Source: NASA, ESA, AND J. Nichols (University of Leicester)

Source: NASA, ESA, AND J. Nichols (University of Leicester)

On the evening of our Independence Day, July 4th, a significant step forward in planetary science was achieved. After a five year journey to reach the largest planet in our solar system NASA’s Juno probe entered Jupiter’s orbit.

Her mission, to understand the origin and evolution of the gas giant, how giant planets form and the role they play in creating the rest of our solar system.

This historic moment is a textbook example of how an event is reflected in its astrological chart. But before getting to the charts let’s have some fun with imagining NASA’s spacecraft is not just an impressive collection of science, solar panels and technology. Let’s imagine we are talking about Juno herself going to meet not just the most massive hugely gorgeous planet we can’t avoid looking at in our neck of space but the guy himself, Jupiter. It’s going to be interesting to see what happens when they meet. 


The back story

Jupiter is the Roman name for the king of the gods residing on Mount Olympus in Greek mythology. He had a thing for nymphs and beautiful young women and was renown for entrapping and impregnating them much to the chagrin of his wife Juno.

They had huge fights. Her fury was legendary. It stayed stoked by his serial infidelity, a situation many wives and girlfriends can relate to. Despite her scorn there was little she could do to change her husband’s behavior. Consider the dynamic. Though a high goddess and married to king of gods, when it came down to it as his wife and subject she had to submit to his will. For all her power and position she was in effect powerless to change his behavior or receive the fulfillment promised by her marriage. Being furious, taking revenge on those raped by her husband was about all she could safely do to vent her helplessness and retain her position.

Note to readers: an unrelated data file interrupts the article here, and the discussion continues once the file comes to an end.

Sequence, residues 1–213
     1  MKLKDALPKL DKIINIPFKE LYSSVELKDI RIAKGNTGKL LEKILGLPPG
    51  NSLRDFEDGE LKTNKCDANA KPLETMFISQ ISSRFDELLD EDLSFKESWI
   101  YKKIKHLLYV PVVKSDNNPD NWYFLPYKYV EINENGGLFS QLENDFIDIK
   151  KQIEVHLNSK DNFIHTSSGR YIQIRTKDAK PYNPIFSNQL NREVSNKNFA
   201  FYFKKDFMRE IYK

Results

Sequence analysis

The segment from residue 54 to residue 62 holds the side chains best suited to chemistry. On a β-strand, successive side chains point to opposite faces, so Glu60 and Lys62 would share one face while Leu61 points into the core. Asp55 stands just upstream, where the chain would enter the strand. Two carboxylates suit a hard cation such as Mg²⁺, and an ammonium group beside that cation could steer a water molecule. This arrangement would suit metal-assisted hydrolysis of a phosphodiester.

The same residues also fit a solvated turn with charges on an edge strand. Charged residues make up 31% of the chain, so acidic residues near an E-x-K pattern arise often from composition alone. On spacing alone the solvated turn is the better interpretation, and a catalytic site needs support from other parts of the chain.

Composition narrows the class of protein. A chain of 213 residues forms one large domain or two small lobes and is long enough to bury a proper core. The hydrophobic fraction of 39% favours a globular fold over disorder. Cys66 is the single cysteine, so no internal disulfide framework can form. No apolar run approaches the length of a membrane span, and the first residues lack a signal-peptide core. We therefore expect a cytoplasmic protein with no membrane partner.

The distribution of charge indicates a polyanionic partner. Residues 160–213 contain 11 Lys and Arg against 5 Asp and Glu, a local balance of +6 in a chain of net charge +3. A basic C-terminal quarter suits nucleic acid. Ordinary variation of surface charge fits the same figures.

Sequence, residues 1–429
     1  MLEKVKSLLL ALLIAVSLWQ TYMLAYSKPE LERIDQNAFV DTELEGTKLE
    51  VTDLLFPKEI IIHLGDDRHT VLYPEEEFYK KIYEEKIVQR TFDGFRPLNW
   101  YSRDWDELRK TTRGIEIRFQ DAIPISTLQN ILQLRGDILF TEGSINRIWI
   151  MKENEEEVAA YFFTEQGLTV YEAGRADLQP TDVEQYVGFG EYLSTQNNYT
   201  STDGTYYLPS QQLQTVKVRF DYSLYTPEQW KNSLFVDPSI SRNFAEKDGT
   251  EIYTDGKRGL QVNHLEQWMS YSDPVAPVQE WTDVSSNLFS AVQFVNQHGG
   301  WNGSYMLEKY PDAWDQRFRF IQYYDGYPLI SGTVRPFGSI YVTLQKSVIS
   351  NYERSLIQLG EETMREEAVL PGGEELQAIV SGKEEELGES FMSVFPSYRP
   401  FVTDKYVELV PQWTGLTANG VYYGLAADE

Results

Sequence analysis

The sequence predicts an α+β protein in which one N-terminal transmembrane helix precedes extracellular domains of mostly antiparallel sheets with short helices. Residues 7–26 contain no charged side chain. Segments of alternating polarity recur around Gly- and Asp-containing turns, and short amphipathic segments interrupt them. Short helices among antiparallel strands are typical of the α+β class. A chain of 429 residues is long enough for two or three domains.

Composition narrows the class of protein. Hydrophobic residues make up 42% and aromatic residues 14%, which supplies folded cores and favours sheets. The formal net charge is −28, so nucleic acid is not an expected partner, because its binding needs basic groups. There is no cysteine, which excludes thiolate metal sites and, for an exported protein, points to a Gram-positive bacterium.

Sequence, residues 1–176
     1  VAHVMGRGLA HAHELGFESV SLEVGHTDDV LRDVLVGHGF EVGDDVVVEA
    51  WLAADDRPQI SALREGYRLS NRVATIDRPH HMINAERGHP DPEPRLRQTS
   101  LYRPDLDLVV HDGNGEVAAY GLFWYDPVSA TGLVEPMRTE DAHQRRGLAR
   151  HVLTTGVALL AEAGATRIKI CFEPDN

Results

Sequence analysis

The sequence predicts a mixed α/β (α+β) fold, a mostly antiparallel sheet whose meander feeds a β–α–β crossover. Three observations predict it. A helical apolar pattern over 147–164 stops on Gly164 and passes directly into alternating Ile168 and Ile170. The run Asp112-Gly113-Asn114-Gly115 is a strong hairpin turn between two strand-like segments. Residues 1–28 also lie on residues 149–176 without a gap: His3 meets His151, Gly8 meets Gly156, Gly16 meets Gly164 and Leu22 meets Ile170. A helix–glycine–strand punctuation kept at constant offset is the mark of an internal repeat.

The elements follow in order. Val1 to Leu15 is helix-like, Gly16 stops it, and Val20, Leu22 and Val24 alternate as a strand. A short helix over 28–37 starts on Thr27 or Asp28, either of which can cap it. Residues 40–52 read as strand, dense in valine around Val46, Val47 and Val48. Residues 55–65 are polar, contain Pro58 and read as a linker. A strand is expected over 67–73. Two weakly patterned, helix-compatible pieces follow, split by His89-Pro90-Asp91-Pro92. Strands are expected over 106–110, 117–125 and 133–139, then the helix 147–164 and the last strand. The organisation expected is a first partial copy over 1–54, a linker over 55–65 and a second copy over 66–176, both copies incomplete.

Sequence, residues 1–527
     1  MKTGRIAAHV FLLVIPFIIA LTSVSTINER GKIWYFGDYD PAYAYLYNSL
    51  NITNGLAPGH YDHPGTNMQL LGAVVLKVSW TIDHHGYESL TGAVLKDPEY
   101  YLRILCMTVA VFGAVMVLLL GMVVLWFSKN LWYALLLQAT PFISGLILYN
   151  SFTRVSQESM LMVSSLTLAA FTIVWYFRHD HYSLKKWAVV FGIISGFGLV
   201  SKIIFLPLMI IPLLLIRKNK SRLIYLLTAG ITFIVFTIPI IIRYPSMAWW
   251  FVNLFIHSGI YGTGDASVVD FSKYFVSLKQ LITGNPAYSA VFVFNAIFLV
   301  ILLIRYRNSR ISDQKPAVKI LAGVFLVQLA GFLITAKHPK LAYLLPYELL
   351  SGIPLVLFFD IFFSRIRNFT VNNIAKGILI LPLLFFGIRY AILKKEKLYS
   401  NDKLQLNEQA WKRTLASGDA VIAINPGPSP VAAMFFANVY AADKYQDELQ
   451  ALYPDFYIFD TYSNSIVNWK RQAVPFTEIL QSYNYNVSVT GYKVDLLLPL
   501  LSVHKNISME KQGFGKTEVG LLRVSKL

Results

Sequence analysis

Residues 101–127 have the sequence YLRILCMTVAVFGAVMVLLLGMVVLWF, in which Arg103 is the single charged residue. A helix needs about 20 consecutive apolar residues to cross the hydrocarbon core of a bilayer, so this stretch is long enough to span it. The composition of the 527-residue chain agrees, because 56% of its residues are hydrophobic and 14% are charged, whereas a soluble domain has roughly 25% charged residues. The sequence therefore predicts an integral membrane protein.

The symbolism of Juno’s trip and successful insertion into Jupiter’s orbit tells us she is about to uncover information explaining why the big kahuna is the way he is. Revealing more of what makes him tick, she becomes informed divorced from her expectation for fulfillment.

Her moment was designed. She’s going for a physical proximity she doesn’t enjoy in the myth. As a spacecraft designed to collect, measure and record data she takes an objective, impersonal view. Symbolically taking her power back by withdrawing demands he be different, she asks for nothing but to observe him up close, neutralizing his ability to hurt her again.

We want to know what she can show us to increase our understanding of him, too. In his chasing after assorted nymphs and beauties he “fulfilled” many women creating lots of children but never with Juno. She was reduced to creating her own. Apparently Greek gods could do that.

She will orbit Jupiter closer and closer for a year and a half then end her mission February 20, 2018. That ending date gives her a predetermined agenda she’s intending to execute. In light of their history that is encouraging. It gives the possibility that unlike the past she is starting off from a place of integrity with intention.  




The charts

%d bloggers like this: